My mention of Lawrence Fritts helped jog the memory of a drive Jenna and I were taking up Beacon Hill one night upon our return from a function in the city. As I punched buttons on the radio dial, I came upon a familiar voice on Ira Flatow's Science Friday on KUOW--the local NPR station here in Seattle. It was Larry (as he's affectionately called by those who have the honor of knowning him) speaking upon the passing of Robert Moog earlier that day. Larry is known for gloriously detailed and complex stories, and this interview happened to be no exception. He recounted a loving tale of his own personal interaction with the man, Moog, and how he acquired a knob (or cord, or something) from one of 'Bob's' original Moog machine prototypes.
When prompted to give a summation of Moog's legacy, I was crossing my fingers that it would all get sandwiched into the last thirty seconds of airtime. I didn't want to hear him get rushed or cut off by the host for station identification. . . and you know, Larry pulled it off quite gracefully. The host had a good 5 to 7 seconds of interlocutor thanks and pause for Moog's passing.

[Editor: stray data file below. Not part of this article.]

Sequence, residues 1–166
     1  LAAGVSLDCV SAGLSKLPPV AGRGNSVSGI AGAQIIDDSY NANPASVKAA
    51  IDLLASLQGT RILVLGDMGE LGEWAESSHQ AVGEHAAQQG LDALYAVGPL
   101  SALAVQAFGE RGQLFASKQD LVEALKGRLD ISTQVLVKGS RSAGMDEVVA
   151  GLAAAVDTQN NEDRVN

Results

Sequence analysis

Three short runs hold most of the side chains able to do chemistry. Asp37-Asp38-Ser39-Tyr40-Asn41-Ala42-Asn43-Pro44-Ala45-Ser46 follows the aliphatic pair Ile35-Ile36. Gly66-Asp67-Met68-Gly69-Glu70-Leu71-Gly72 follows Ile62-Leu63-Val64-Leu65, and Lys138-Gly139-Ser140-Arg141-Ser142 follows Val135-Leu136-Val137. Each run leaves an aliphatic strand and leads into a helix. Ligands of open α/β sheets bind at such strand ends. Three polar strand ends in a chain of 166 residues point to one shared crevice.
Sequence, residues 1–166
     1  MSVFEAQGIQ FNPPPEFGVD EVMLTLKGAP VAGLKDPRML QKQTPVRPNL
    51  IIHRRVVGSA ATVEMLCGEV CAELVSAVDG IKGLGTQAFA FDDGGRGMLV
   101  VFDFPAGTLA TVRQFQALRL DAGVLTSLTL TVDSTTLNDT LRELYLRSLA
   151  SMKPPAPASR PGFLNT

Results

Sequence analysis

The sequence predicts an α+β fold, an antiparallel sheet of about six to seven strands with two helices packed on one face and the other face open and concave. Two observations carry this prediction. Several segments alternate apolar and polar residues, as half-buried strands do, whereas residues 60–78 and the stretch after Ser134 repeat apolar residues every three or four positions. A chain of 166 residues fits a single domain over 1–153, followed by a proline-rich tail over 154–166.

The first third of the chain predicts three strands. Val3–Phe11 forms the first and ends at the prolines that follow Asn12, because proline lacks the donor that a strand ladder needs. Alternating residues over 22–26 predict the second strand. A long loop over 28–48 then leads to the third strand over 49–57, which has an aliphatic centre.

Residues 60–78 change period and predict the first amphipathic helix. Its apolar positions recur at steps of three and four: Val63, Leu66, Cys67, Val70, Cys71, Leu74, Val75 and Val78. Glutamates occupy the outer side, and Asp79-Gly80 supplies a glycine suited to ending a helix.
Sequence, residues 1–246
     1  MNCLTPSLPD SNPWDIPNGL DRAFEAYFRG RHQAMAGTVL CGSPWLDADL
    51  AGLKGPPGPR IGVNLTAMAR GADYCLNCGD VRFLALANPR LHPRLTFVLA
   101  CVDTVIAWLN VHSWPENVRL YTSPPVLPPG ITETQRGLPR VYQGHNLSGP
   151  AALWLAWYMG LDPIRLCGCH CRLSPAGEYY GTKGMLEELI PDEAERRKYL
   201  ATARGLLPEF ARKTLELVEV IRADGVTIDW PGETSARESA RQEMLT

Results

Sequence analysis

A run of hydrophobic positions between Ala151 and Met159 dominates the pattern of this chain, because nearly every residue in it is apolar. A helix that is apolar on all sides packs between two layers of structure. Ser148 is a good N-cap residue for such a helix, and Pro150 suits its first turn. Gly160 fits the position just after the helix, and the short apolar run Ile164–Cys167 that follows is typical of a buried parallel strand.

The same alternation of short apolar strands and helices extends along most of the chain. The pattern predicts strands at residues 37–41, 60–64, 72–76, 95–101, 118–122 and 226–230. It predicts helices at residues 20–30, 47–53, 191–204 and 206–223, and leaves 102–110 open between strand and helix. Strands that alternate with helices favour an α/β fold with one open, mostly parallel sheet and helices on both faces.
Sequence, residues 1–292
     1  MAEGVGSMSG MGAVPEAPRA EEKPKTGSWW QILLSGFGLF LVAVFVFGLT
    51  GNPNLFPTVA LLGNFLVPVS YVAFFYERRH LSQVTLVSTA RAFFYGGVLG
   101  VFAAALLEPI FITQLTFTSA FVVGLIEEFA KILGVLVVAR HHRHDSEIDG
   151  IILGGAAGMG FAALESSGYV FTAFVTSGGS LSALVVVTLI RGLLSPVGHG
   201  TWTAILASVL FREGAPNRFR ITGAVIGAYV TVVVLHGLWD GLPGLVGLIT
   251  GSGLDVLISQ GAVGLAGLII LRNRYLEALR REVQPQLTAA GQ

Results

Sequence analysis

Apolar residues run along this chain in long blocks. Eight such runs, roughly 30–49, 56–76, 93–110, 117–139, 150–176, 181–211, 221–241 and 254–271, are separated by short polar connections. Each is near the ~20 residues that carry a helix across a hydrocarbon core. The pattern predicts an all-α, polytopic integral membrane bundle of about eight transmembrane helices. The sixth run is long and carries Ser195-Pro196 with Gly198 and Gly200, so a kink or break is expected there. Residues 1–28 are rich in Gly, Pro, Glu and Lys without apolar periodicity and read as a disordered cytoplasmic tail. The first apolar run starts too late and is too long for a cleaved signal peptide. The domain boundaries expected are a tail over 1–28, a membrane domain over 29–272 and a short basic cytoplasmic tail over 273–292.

That said, thought I'd check into Larry on YouTube and luckily, I found a very interesting art piece I remember seeing from my days as a University of Iowa Graduate Student. Originally observed at the University of Iowa Art Museum, it is a collaboration betwtixt Fritts, the artist Sue Hettmansperger, and mezzo-soprano Katherine Eberle. While its a good representation of how Larry gets down, bear in mind compression--both in video and sound format--take away from just how effectively this piece can resonate in the body and brain.
It should be noted that Larry is known for his work in anechoic chambers, whereby, simply put, the sound of a sound is non-reflected back upon itself. OR, its unaffected by its own self and exists as 'pure sound' when interpreted through the ear or recorded by microphone. . . I think?